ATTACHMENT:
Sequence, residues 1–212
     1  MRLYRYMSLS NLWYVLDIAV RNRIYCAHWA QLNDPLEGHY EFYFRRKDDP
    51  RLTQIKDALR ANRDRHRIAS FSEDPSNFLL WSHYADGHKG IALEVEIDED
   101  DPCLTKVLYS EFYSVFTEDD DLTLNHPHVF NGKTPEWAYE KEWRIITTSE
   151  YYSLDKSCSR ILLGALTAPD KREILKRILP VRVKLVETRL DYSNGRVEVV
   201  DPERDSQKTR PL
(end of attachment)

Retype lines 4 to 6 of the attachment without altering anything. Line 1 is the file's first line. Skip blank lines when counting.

   101  DPCLTKVLYS EFYSVFTEDD DLTLNHPHVF NGKTPEWAYE KEWRIITTSE
   151  YYSLDKSCSR ILLGALTAPD KREILKRILP VRVKLVETRL DYSNGRVEVV
   201  DPERDSQKTR PL